• 3 0
 @honda50r: My livelihood is dependent upon my brain, which is a deliberate choice. When I was younger I worked in forestry, but had a riding injury that put me on crutches for 9 months and unable to work. I had to choose between changing my career or changing my hobbies. I retrained for a career in engineering and I have a much better appreciation for protecting what's important.

I just had a similar leg injury last year with a similar recovery time. This time, the only consequence is I can't do my favorite hobby. The last time was life changing, this time is mildly frustrating. Protect your brain, you need it for everything.
  • 2 0
 @dirtmiester: I'm not saying that everyone should buy helmets as often as I do or for my budget. But they should always wear a helmet, and it should be a priority to keep that helmet in good condition. Head injuries can be devastating in one instant, and even "minor" concussions really mess you up later in life.

Go ask a someone experiencing early onset dementia if they would pay $10,500 to have more time with a sharp mind. Then ask their family. Then reconsider the value of a good helmet.
  • 2 0
 @CaptainBLT: Well yeah I absolutely agree the quality of the helmet is important. I just don't think it necessarily correlates with the price. Ever since I started back late 2001 the open face helmets I bought had extended coverage in the rear. I didn't need the lightest, best ventilated or most stylish. I just wanted the best protection and more protection at the back of head seemed to make sense. I'm no neuro scientist though. I can merely try to follow their logic to judge whether it makes sense or not. When I smashed my first full face (bicycle) helmet, I replaced it with an MX helmet. I thought bigger helmet, more material, better protection. I only later learned that it doesn't quite works like that. Either way, what I'm seeing now with the way helmets are marketed it is still about the number of vents, weight, "carbon", style and maybe some features (buckles, adjustments etc). They don't add anything to the safety of the helmet, just to the price. In fact, if the high price makes me more reluctant to dispose of the helmet when it is cracked, it (hence these features) are only reducing the safety in a way. The way it is now, I go for the helmet that has the certifications, seems to have good coverage and fit and I choose the color I like. If I have a good smash and notice a crack, I remove the small parts I want to keep spare (pads, peak) and the helmet ends up in the trash. Just because I'm replacing a POC helmet by something from Abus doesn't imply I'm lowering the safety standard. Abus may not be the most flashy brand around or even associated with high profile athletes, but it is still a brand dedicated to safety and security and I don't expect anything sub par from them.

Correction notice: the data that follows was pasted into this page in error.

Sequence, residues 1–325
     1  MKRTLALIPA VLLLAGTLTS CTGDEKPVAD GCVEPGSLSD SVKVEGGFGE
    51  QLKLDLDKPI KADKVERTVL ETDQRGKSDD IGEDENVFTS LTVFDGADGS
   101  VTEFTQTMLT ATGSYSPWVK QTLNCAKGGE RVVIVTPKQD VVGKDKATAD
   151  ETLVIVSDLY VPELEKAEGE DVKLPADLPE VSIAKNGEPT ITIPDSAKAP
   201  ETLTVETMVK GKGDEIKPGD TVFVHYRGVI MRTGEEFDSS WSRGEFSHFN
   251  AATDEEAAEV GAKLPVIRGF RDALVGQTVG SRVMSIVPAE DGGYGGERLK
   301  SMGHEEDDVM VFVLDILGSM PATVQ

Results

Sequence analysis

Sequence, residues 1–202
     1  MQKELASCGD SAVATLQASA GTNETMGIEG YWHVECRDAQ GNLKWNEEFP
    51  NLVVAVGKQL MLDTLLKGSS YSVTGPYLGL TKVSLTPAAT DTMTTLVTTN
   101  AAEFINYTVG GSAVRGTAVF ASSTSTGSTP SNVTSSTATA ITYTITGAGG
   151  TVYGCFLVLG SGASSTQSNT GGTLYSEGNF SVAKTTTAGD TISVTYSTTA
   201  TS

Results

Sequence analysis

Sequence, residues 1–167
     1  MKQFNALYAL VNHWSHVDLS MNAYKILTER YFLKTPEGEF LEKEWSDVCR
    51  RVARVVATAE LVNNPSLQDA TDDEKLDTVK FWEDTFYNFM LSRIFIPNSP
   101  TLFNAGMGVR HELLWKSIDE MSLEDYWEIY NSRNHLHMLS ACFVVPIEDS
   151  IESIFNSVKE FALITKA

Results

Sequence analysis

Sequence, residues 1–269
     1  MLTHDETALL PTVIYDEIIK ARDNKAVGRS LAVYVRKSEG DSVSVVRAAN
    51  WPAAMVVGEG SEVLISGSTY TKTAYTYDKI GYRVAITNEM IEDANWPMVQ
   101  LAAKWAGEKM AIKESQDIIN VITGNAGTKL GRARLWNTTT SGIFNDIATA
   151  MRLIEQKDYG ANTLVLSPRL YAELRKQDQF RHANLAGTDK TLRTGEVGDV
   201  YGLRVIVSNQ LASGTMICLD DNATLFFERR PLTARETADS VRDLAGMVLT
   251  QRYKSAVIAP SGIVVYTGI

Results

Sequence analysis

That said, I think out of all my concussions I think there was only one bicycle related and I was wearing a helmet. The other ones were stupid stuff. No alcohol or drugs involved and not even something where I should have been wearing a helmet. First was when crossing the street (aged 9) and not paying proper attention. I got knocked down by a car. Another one I can recall was on my paper round (aged 16). I was always running and jumping down the stairs. This time apparently I jumped a tad (from) too high and hit my head against a wall above the stairs. Most recent I can think of is that I have this special "ability" to laugh so hard and for so long that eventually I faint. Usually I notice and try to at least sit and calm down. Occasionally I drop down. This time I dropped and hit my head against a heavy flowerpot that didn't give way. Again, no drugs or alcohol involved. Ever, actually. Ever since, my girlfriend gets quite nervous when I'm laughing for more than a minute and pushes me down before I can drop Wink .

So yeah, I'm wearing my helmet and replace it when I should. But unfortunately that is by no means a guarantee that I won't ever suffer another concussion. And I'm not saying that proudly, because concussions definitely suck big time!
  • 3 0
 I been rock in my D3 sence 2011 in not as think as i smart I am
  • 31 1
 Multi-impact protection means that your head is protected when you crash and your head bounces off the ground several times in a row. It does NOT mean that you can have several big crashes and still keep on riding the same helmet!
  • 4 9
flag meesterover (Apr 10, 2018 at 13:43) (Below Threshold)
 But if you are hard-headed, it is a moot point (to even wear a helmet) brah.
  • 3 0
 Kali MacDuff claims exactly that. "... no more crash and trash..." but I don't know where and if you could ever actually buy it...
  • 5 0
 I wish MIPS stood for Multi Impact Protection System but our expensive MIPS helmets incorporate Multi-Directional Impact Protection System technology.
  • 24 1
 Sam Hill you legend!
  • 10 3
 Proframe is sweet. Just bought it for my kid. And price isn’t killing either. If you don’t race on DH tracks, it seems to be the best. But as far as lift assisted riding goes, dress up to the occasion and buy a proper FF for FFS
  • 24 0